Hanging out in Panama City
We boarded our 11:45pm bus for Panama City, and prepared to hunker down for a 15 hour journey.
I tend to whine every time we take a bus ride that exceeds 8 hours, but it’s never all that bad; although these feelings tend to arise post bus travel.
15 hours later we were tired, sweaty, and hungry, but had arrived in the largest city in Central America.
After house sitting in San Jose for 3 weeks, it was nice to be heading somewhere new.
Panama City is a booming world class metropolis that dwarfs every other Central American city. It is filled with nightlife, contemporary art galleries, local craft brewery’s, and a jazz festival that has been going strong for 13 years.
Cody and I did a lot of exploring on foot, which in our opinion is one of the best ways to get a feel for a place. If a place was too far, we used the subway, which was very simple to navigate.
Casco Viejo was a town that was a tad too far to walk to, so we hopped on the tube, and arrived a few stops later.
This colonial town is a historic district of Panama City, and a UNESCO world heritage site. The old quarter is probably the 2nd most popular tourist attraction next to the Panama Canal.
It is a beautiful town filled with 16th and 17th Spanish Colonial architecture that has been revitalized in the last few years by foreign expats, and investors. It is a vibrant place to visit for the day, and the best part is that it is never over crowded with tourists.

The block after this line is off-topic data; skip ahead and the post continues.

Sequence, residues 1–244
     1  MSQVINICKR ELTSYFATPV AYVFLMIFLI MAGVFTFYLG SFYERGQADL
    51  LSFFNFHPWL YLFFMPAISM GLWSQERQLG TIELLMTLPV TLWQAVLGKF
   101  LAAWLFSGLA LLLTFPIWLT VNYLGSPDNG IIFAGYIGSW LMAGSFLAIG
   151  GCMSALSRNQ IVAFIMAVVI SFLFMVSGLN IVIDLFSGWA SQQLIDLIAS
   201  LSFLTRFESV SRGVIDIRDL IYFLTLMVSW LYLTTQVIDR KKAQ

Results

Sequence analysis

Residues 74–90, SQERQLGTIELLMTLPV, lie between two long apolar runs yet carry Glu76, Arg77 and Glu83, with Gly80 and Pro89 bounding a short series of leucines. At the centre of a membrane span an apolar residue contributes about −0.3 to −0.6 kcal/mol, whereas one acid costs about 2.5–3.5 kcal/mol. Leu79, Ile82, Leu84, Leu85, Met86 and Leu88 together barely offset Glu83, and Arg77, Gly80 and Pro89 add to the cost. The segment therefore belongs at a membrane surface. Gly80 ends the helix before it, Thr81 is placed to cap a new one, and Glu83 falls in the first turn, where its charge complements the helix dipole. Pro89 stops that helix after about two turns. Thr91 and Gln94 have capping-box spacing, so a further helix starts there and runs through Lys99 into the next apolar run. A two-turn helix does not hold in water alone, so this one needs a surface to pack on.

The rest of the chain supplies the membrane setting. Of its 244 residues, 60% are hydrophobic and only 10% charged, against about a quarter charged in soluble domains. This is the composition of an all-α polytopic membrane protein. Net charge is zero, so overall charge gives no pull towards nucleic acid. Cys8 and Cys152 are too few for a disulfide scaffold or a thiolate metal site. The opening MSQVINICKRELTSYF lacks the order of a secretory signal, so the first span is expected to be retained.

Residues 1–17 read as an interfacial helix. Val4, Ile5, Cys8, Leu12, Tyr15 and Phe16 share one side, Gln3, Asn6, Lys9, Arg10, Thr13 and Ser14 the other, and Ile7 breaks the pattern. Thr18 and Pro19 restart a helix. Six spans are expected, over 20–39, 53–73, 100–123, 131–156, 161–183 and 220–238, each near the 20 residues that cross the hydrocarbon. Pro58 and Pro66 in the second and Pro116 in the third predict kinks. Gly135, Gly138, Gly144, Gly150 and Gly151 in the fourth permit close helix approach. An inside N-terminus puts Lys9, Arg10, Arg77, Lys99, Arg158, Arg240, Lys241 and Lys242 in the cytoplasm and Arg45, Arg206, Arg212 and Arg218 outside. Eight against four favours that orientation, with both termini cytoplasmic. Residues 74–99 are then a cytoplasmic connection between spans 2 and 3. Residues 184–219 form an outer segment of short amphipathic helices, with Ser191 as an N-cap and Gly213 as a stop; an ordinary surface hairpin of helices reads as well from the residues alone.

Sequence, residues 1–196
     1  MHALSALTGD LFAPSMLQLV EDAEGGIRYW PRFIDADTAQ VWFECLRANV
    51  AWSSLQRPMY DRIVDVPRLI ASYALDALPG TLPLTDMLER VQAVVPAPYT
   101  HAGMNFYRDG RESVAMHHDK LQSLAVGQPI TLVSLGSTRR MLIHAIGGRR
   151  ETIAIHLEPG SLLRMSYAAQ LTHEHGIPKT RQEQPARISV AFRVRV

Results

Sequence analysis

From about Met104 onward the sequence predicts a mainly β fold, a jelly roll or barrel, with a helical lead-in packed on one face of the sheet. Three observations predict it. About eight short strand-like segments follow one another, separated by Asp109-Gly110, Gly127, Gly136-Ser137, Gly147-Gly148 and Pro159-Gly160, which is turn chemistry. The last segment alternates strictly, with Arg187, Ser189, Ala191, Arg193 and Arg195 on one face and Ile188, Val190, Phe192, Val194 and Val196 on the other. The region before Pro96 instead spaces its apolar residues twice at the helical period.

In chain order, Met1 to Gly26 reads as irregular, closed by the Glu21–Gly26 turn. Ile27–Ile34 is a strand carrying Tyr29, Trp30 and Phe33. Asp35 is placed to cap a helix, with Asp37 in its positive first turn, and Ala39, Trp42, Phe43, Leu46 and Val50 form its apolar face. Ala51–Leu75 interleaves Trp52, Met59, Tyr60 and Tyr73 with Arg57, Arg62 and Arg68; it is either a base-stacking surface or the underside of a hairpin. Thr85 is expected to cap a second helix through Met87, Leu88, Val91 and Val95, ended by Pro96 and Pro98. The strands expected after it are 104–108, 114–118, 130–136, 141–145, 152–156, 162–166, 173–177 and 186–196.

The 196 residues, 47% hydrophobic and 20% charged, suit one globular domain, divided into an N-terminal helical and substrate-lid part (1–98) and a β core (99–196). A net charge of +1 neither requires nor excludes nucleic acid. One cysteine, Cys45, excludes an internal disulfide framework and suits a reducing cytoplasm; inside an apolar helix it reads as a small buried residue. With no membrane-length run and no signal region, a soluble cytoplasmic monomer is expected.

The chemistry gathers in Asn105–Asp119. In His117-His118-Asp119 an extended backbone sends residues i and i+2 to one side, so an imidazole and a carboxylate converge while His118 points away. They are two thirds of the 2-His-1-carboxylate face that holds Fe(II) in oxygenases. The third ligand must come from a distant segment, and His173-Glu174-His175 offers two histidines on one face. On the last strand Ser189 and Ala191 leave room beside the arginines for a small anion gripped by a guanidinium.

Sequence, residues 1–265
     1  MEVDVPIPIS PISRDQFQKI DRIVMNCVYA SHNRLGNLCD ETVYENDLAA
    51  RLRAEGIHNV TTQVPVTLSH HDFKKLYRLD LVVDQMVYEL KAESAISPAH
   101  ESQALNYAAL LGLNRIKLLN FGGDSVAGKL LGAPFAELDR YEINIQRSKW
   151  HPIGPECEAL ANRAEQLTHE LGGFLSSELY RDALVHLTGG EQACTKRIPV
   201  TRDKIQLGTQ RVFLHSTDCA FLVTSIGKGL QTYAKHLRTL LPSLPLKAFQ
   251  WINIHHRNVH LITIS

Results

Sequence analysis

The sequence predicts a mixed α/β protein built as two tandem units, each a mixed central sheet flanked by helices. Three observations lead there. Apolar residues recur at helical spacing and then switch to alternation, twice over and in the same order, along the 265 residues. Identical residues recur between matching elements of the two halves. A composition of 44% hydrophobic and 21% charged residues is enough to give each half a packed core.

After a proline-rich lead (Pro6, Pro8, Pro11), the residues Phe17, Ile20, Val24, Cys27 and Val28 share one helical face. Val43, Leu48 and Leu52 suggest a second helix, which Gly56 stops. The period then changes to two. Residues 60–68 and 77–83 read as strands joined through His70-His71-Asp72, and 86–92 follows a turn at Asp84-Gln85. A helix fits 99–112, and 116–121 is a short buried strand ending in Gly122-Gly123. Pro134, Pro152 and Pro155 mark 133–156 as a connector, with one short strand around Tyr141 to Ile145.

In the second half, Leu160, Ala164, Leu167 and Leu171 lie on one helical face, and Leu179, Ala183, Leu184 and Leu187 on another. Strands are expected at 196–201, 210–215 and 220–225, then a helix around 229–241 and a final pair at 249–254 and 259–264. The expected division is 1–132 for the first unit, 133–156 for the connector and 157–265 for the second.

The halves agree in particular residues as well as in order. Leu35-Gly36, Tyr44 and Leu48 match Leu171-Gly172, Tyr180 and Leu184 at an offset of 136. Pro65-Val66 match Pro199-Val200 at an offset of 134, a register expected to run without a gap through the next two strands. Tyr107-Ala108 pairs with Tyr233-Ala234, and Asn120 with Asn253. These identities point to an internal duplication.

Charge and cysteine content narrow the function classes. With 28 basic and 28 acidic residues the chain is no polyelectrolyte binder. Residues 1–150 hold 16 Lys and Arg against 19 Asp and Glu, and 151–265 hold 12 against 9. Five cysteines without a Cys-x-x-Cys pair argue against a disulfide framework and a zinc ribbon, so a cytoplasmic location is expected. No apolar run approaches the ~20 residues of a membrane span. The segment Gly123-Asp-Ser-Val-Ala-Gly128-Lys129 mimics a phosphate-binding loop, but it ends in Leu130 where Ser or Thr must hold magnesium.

It’s a simple pleasure to just sit at an outdoor cafe enjoying a cold brewed iced tea while people watching. Casco Viejo is the perfect place to do just that.
If you don’t have much time in the big city, the world famous Panama Canal should be at the top of your list of places to visit.
It is one of the seven wonders of the modern world, and considered by some, as one of the greatest achievements of the 20th century.
The place to see the canal is at the Miraflores visitors center. It is an easy breezy 20 minute bus ride from the Albrook station. The bus drops you off right at the visitors centre, so you don’t have to worry about missing your stop.
There is an entrance fee of $15 per person. This includes access to a short film about the history of the canal, as well as walk through a museum with interactive exhibits.
The construction of the canal required over 45,000 people to build, and sadly, several thousand people perished due to accidents, or disease.
This engineering marvel is a 48 mile ship canal connecting 170 countries, and 1,700 ports around the world by linking the Atlantic Ocean to the Pacific Ocean.
A system of colossal locks help ships navigate the water levels of the canal. In the Miraflores locks, vessels are lifted, (or lowered) 54 feet allowing them to flow to and from the Pacific Ocean. Between 13,000 to 14,000 ships pass through the canal every year, and depending on their cargo size, and volume, some vessels pay upwards of $450,000 in a single toll.
There is a terrace that offers a good vantage point where visitors can stand and watch ships passing through the canal.
We spent a couple hours on the terrace watching ships pass through and being fascinated by the whole process.
You can also sit in bleacher type seats one level below the terrace, and listen to a man on a PA system share information about the canal, and ships passing through.
Visiting the Panama Canal was the highlight of our trip to Panama City. Do not miss it if you plan on visiting Panama’s capital.
Have you ever travelled to Panama City?